|Man Without Qualities|
Thursday, July 31, 2003
Man Without Qualities [July 25, 2003]:
Herr Doktorprofessor [Paul Krugman, July 25, 2003] also thinks: There is very little evidence in the data for a strong recovery ready to break out. As far as I can make out, Mr. Greenspan's optimism is entirely based on models predicting that tax cuts and low interest rates will get the economy moving. But where [Krugman] has often cited recent employment statistics as evidence of economic health, here there is no mention that the number of people lodging new jobless claims plunged unexpectedly last week to the lowest level since February, which some economists think means a lot. Nor does [Krugman] explain why those economists are wrong.
The fact is that there is plenty of evidence in the data for a strong recovery ready to break out. But there is also plenty of evidence in the data for concern.
New York Times [July 31, 2003]:
In its first estimate of how the economy performed during the second quarter, the Commerce Department said that gross domestic product, which measures the total value of goods and services produced in the United States, rose at a 2.4 percent annual rate in the April-June period. That rise was well above the 1.5 percent rate of increase that most Wall Street economists had been forecasting.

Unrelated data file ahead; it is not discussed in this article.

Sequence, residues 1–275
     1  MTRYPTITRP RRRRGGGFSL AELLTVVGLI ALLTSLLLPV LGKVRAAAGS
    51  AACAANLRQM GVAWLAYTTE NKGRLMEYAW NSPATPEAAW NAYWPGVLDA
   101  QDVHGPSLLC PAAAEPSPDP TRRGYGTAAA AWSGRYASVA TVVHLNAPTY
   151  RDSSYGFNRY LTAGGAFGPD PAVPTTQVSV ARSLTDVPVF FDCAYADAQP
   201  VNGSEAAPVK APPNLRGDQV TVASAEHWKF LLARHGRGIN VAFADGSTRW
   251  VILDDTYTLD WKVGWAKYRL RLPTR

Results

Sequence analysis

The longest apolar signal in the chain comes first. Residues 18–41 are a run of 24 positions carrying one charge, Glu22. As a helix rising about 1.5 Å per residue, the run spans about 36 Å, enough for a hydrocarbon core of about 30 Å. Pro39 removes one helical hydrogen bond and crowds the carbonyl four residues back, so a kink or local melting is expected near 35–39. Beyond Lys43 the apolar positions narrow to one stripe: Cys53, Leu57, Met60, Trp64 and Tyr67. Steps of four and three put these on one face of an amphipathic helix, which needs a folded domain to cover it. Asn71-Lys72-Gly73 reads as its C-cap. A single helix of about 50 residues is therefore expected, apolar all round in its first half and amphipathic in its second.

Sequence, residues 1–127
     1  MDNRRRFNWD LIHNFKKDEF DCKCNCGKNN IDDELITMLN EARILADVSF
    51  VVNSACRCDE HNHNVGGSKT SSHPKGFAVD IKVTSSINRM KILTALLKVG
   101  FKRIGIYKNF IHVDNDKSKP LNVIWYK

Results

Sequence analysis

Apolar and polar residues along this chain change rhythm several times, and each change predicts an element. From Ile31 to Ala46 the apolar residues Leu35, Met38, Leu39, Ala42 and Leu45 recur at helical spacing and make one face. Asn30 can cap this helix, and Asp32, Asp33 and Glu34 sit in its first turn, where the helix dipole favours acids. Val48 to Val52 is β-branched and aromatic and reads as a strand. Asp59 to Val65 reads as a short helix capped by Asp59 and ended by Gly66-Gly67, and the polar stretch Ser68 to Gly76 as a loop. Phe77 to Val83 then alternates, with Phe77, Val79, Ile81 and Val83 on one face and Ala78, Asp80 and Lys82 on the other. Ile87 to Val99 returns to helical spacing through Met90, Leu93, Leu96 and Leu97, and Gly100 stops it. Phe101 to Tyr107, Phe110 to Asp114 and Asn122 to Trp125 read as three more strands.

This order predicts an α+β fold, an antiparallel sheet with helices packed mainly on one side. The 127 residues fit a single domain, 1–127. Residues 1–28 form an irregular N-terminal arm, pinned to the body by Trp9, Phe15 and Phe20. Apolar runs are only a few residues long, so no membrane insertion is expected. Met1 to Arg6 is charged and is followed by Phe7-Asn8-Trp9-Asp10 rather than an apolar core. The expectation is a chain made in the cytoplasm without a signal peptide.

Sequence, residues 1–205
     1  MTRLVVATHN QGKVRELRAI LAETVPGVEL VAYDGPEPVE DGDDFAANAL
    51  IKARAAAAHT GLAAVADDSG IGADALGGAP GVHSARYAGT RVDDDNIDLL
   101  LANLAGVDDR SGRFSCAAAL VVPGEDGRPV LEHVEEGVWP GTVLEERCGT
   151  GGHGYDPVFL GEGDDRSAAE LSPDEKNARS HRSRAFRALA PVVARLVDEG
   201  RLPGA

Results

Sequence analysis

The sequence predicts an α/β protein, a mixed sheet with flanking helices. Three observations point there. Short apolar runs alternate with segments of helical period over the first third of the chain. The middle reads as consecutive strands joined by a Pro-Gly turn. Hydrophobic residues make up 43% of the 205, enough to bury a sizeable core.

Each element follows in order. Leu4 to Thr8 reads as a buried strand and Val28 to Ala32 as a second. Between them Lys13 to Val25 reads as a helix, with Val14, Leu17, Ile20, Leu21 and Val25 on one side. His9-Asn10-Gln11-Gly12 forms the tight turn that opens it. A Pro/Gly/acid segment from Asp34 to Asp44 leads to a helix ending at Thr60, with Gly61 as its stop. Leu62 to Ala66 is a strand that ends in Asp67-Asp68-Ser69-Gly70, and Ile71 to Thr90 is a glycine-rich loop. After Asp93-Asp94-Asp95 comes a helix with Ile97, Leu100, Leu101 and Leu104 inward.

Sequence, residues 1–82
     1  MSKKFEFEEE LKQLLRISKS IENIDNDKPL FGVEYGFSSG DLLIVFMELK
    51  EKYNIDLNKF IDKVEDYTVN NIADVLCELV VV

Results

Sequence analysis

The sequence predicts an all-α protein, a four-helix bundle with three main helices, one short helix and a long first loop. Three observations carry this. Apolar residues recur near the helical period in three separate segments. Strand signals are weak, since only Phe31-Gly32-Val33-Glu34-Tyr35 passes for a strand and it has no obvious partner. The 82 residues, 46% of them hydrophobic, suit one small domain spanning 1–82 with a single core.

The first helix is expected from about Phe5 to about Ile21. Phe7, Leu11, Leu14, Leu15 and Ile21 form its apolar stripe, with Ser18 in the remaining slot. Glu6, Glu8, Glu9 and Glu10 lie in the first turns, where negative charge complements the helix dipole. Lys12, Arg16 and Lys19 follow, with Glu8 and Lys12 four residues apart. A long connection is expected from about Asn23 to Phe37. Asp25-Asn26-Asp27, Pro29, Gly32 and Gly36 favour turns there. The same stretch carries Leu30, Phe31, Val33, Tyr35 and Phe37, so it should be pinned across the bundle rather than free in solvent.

While the output numbers came as a pleasant surprise, analysts were equally encouraged by a report from the Labor Department, which showed that initial claims for unemployment benefits fell for a second straight week in the period ended July 26.
Jobless claims dropped to 388,000 for the week, down from 391,000 the previous week. More significant, analysts said, is the longer-term trend: initial claims have been trending steadily lower for the last seven weeks.
Man Without Qualities [July 16, 2003]:
My difficulties with Herr Doktorprofessor stem largely from his reliance on (1) a constant stream of bad economics, including incomplete economics, (2) false, misleading and materially incomplete statements of fact and economic theory, (3) evasive language often intended to allow him to claim credit for predictions where none were made, and (4) a boring parroting of the then-current liberal Democratic line that he attempts to tart up as original commentary.
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